route switch. IF your ISP is offering this as a bundle, then they ought
to be able to manage it.

They should be big enough.


An external monitoring
service, sending an SMS to the router and switching it over? Or maybe
a clever router which communicates with an external service
periodically and gets it to check incoming connection?

No, do it via the ISP, and if they are not doing it, find someone who will.



--
Ineptocracy

(in-ep-toc'-ra-cy) - a system of government where the least capable to lead are elected by the least capable of producing, and where the members of society least likely to sustain themselves or succeed, are rewarded with goods and services paid for by the confiscated wealth of a diminishing number of producers.

  #4  
Old July 17th 13, 05:56 PM posted to uk.telecom.broadband
Peter
external usenet poster
 
Posts: 330
Default Detecting loss of ADSL & switchover to 3G


Graham J [email protected] wrote

Comments in-line ...

Peter wrote:


We have an ADSL connection at work, with a 3G backup.

The ISP (a supposedly high quality specialist business ISP) gives us a
number of fixed IPs, which are supposed to get rerouted to the 3G if
the ADSL fails.


Is this A&A ???


Yes.

How does the ISP know that your ADSL has failed?


They can tell if I pull the plug on the ADSL modem. I get an SMS
telling me ADSL has failed. And the router switches over to 3G because
it detects WAN1 is down.

If I power down the ADSL modem, it all works fine. The router detects
the loss of the WAN1 ("ethernet") service and switches over to WAN1


Do you mean WAN2 ????


Yes; sorry.

Does it also recognise when you unplug the phone wire from the ADSL modem?


Yes I think so. Normally, to test this, I switch off the ADSL modem.

("3G") which is a USB 3G adaptor. When the ADSL has been back up for 2
minutes, the 3G is shut down and it switches back to the ADSL.

We pay just 2.50/month for the 3G backup so this is pretty good. We
pay about 40/month for the whole thing including an 800kbits/sec UP
speed (8M down; the exchange doesn't do the 20mb).

However we have had several losses of ADSL where the 3G backup did not
work. The ISP is pretty arrogant about it (seems to be their in-house
operating mode) and blame it on our equipment. However on the last-1
time it happened (weekend as usual) I did go to the office and found
that the IP had changed... this is OK for outgoing stuff but obviously
any incoming connections (RDP, VPN, etc) will fail.


Do you mean the WAN1 IP address for ADSL had changed?


Yes. To something random.

The ISP claims this cannot happen with their equipment because they
allocate fixed IPs. But this is self evidently ********. The IP is
allocated (DHCP) by the DHCP server in the ISP's router, and customers
who pay for a fixed IP just happen to get the same IP every time. Or
maybe not....


A fault in the BT network can cause this. Normally the PPP
authentication is passed through the BT network to a (Radius) server at
your ISP, where your username and password are recognised and your ISP
issues a (consistent) IP address. If the BT network has a problem, then
your ISP's Radius server is not accessible and BT issues your router
with a substitute IP address. This is normally sufficient to run
diagnostics but the BT DNS server thereby made available to you
deliberately does not resolve most names: thereby limiting access to BT
websites only.


Interesting... I had a recent case where we got full outgoing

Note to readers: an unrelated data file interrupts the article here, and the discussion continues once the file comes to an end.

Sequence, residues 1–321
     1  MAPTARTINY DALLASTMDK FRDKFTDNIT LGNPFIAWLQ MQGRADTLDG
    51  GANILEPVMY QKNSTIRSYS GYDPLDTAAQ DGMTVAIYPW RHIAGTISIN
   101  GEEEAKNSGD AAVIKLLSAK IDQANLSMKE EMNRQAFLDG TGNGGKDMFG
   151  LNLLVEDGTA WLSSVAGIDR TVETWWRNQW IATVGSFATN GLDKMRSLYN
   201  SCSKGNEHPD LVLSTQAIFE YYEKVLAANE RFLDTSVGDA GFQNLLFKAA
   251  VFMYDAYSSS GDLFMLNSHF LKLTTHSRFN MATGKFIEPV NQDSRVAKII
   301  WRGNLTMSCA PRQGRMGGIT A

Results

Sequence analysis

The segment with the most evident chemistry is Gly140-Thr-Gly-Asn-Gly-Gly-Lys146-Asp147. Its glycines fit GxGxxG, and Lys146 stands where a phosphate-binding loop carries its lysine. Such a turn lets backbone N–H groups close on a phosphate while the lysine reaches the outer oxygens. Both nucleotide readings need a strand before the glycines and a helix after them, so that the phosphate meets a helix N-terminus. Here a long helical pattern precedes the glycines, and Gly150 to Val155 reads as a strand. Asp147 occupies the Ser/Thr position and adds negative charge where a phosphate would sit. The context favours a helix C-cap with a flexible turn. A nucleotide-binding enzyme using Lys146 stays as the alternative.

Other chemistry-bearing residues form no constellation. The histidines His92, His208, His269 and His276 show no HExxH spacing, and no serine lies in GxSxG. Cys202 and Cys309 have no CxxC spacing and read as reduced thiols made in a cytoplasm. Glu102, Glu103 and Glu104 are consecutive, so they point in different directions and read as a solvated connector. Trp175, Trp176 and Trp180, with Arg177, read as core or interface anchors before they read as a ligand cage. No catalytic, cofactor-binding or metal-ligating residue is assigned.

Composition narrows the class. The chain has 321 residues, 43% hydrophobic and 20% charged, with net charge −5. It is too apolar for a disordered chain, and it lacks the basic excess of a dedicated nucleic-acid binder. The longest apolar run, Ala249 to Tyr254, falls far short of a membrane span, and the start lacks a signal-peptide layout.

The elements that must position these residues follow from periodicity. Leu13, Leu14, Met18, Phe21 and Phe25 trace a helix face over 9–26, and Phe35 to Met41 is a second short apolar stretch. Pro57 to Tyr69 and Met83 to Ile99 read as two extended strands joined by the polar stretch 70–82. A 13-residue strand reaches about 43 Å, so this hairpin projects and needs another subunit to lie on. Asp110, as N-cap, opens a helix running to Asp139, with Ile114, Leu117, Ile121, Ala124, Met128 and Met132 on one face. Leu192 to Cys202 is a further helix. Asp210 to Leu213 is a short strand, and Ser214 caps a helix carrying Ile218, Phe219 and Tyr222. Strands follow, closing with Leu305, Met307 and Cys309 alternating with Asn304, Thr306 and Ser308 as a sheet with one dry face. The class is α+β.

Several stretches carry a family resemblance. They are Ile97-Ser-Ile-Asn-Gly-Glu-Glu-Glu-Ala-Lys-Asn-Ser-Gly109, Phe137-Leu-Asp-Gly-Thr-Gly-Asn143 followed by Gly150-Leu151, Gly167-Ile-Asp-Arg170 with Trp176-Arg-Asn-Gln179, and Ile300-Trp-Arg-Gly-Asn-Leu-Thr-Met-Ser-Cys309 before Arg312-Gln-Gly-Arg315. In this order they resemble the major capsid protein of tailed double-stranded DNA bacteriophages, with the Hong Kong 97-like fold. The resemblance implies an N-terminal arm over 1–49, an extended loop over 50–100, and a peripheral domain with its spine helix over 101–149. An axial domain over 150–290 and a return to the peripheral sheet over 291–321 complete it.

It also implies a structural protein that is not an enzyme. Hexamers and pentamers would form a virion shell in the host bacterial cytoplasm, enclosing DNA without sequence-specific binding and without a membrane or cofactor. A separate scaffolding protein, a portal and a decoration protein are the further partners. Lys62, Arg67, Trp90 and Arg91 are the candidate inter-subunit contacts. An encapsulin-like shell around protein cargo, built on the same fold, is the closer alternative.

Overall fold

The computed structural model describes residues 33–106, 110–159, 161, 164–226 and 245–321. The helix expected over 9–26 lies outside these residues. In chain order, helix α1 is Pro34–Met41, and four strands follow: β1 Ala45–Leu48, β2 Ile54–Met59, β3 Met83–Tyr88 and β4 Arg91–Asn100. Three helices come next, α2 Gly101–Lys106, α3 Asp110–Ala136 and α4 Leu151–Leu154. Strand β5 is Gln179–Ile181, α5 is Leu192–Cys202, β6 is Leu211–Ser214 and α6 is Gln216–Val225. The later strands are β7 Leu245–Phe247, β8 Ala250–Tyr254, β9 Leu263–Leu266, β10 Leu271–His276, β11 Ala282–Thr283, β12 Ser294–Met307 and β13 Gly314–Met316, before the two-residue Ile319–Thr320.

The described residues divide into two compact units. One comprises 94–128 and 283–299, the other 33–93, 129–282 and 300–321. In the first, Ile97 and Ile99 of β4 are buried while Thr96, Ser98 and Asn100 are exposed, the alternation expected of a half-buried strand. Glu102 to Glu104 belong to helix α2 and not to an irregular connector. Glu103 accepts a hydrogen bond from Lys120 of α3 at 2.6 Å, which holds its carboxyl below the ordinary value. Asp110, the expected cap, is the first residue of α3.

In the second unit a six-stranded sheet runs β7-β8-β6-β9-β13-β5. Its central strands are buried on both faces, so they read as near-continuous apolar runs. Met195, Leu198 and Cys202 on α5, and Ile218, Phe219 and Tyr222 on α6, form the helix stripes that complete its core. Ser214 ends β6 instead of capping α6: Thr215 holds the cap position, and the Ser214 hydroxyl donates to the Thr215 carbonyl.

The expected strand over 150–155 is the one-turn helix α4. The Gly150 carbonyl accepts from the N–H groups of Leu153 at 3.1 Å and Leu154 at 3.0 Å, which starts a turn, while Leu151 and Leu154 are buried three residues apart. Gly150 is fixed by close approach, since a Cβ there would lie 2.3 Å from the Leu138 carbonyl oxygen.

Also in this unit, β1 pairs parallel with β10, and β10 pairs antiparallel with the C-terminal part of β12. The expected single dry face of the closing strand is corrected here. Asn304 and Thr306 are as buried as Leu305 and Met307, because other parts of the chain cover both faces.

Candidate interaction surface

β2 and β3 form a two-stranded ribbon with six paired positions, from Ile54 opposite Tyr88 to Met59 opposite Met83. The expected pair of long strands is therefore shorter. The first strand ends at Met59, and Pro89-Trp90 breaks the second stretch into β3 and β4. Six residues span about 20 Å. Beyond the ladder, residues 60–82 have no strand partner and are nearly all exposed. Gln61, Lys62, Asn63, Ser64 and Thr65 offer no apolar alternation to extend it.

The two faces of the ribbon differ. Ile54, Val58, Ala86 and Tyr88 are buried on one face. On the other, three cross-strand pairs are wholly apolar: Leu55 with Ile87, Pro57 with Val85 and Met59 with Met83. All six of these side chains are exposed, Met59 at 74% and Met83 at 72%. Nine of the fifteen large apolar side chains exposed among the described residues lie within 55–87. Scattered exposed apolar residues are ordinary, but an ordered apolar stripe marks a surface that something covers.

functionality, on the "random" IP.

When this fault occurred, what IP address were you allocated? Was it
one from the range allocated to your ISP?


I don't recall, but it was very different from what it shoul dbe.

The Q is how could one possibly detect such a scenario i.e. where you
have one of these cases

1) the ADSL connection seems OK (how the Draytek router detects the
failure of WAN1 is undocumented)


No - surely it should be clear from the configuration of the router!


I cannot find it in the config of the router (2955). Most likely it is
accessible if you telnet into it and hack around the unix stuff, but
it isn't apparent in the GUI.

There is a separate config for a fallover if more bandwidth is needed.

This is the WAN2 menu (if you can read it)

Enable: YesNo
Display Name:
Physical Mode: Ethernet
Physical Mode: Ethernet3G USB Modem
Physical Type: Auto negotiation10M half duplex10M full duplex100M half duplex100M full duplex
Load Balance Mode: Auto WeightAccording to Line Speed
Line Speed(Kbps): DownLink
UpLink
Active Mode: Always OnActive on demand
Active on demand:
WAN1 Fail
WAN1 Upload speed exceed Kbps
WAN1 Download speed exceed Kbps


What "WAN1 fail" means is unclear.

and the break in connectivity is
further upstream (usually blamed on British Telecom) or

2) the ADSL connection works but the IP has been changed

The router can't be configured to periodically check an external
website and check it's own IP.

We could dump this ISP but they all seem to have these problems from
time to time. The only ISP I know of which has had zero downtime for
years is ZEN (a really brilliant company) but I can't use them at work
because we use them at home and that is where the backup server
(rsynced from the office one every night) is located!

There are services which can detect external loss of connectivity but
how can one use that to switch over the router to use the 3G adapter?

Especially when the router is then not accessible remotely, due to the
loss of connectivity!

I imagine there are high-end solutions for this, but what's really
needed (for cheap people like me - our router is the 300 Draytek
2955) is some means whereby the router can detect that full
connectivity has been lost, or the IP has changed.

I think all the Draytek routers do is they look for a loss of some
kind of regular keep-alive packet which passes between the ADSL gear
in the telephone exchange, and the router (or maybe the ADSL modem - a
Draytek 120). All that will detect is a physical loss of the ADSL